Now compatible with Discrete 4, Discrete 8, Orion Studio, Zen Tour, Orion 32+, Goliath HD, Goliath and Zen Studio+.
Thunderbolt™ Beta Driver for Windows
Antelope Audio Windows Thunderbolt™ Driver
Windows Thunderbolt™ Driver Beta
Features and limitations
Windows Thunderbolt™ Driver Beta features
A: You’ll need a computer, equipped with a motherboard that supports Thunderbolt. If the motherboard doesn’t have a Thunderbolt™ port, you’ll also need a Thunderbolt™ AIC (Add-in Card). You’ll need a Thunderbolt™ 2 cable. If the port on your computer or AIC is Thunderbolt™ 3 (Type-C) you’ll also need a Thunderbolt™ 3 to Thunderbolt™ 2 adapter.
A: Every computer with a Thunderbolt™ 2 or Thunderbolt™ 3 support should work.
A: It depends. Thunderbolt™ requires explicit support from your motherboard. Check your motherboard specifications or contact the manufacturer to see if it supports a Thunderbolt™ AIC.
A: It depends. All Thunderbolt™ 3 ports are Type-C. However, not all USB Type-C ports support Thunderbolt. Type-C ports that do so will have the Thunderbolt™ logo besides them. It’s best to check your motherboard documentation to see if your port supports Thunderbolt.
Q: My motherboard doesn't have a Thunderbolt™ port, but supports Thunderbolt™ via an AIC (Add-in Card). What Thunderbolt™ AIC should I use?
A: It’s best to check with your motherboard manufacturer for a list of supported AICs. Typically, you can use an AIC from the same motherboard manufacturer.
A: Usually the default settings are OK and the device should be able to connect. There might be Thunderbolt™ settings that can prevent the device from connecting. The first one is “Thunderbolt Security” or ” Thunderbolt Authentication”. It should be set to “None” or “User” – depending on the motherboard. The other one is for Thunderbolt™ PCI support. This one should be enabled.
A: Any certified product should work.
Q: My computer should be supported and configured correctly, however, it still does not detect the device. What should I do?
A: Try updating your BIOS to its latest version. Also, you might want to update the Thunderbolt™ firmware to the latest version. Check your motherboard and Thunderbolt™ AIC (Add-in Card) manufacturer instructions on how to do this.
Workaround: Disable “Power Throttling” from registry and restart:
Run “regedit”. Go to HKEY_LOCAL_MACHINE\SYSTEM\CurrentControlSet\Control\Power. Create a new Key “PowerThrottling” if not present, and a new DWORD value “PowerThrottlingOff” under the key, then set the value to “1”. Restart the computer.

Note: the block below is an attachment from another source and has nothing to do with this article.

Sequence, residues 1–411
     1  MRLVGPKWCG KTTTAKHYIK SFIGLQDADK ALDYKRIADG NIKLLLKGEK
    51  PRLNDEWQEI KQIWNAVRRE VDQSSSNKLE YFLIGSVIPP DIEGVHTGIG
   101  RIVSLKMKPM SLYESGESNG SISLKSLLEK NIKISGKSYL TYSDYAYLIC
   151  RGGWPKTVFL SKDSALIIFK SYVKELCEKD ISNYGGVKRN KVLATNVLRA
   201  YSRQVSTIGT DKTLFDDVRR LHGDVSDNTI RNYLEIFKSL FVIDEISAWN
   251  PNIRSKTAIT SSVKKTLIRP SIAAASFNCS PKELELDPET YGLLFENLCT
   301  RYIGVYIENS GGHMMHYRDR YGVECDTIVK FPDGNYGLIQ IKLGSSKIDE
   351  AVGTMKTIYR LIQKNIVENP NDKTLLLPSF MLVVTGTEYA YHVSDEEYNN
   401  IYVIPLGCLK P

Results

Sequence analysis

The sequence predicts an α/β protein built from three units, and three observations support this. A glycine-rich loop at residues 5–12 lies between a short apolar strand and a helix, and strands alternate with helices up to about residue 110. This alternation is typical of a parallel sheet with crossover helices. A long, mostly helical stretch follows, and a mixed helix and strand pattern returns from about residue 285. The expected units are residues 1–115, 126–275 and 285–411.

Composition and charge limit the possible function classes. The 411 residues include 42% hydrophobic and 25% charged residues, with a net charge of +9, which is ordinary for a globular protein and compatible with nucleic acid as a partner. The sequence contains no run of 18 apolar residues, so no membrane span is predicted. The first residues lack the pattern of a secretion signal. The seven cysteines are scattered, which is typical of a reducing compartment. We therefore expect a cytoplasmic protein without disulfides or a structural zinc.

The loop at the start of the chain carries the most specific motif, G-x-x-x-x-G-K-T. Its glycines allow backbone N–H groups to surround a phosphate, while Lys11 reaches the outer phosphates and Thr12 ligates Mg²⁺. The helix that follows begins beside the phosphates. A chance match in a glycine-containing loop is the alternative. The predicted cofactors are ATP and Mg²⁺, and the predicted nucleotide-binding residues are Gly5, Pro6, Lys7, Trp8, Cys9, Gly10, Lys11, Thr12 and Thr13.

You can follow this guide for detailed instructions: https://www.windowscentral.com/how-manage-power-throttling-windows-10#disable_powerthrolling_regedit
Workaround: Select and configure your Power Plan before starting a playback / recording session.
On some machines, when the device is connected before the computer is started, Thunderbolt™ stack is not loaded and device is not enumerated.
Workaround: Connect the device after the computer is powered on.
Workaround: Disconnect the device before upgrading the driver.
Some DAWs register themselves to the Multimedia Class Scheduler service (MMCSS), which can throttle the audio processing threads to allow for lower-priority and background tasks to run. This causes background tasks to preempt the DAW and the ASIO driver, which causes spikes and dropouts.
We’re working with Steinberg to fix the issue.
- Disable Multimedia Class Scheduler service from the registry:
Run “regedit”. Go to Computer\HKEY_LOCAL_MACHINE\SYSTEM\CurrentControlSet\Services\MMCSS. Change the value of “Start” to 4. Restart the computer. This will permanently disable the service.
- Set the DAW process priority to real-time. Either start the DAW as Administrator, or set it manually from Task Manager: After you’ve started it, open Task Manager, click on “More Details”, find the DAW, right-click and select “Go to details”, right-click on the process executable and select “Set Priority -> Realtime”. Confirm the prompt by clicking “Change priority”.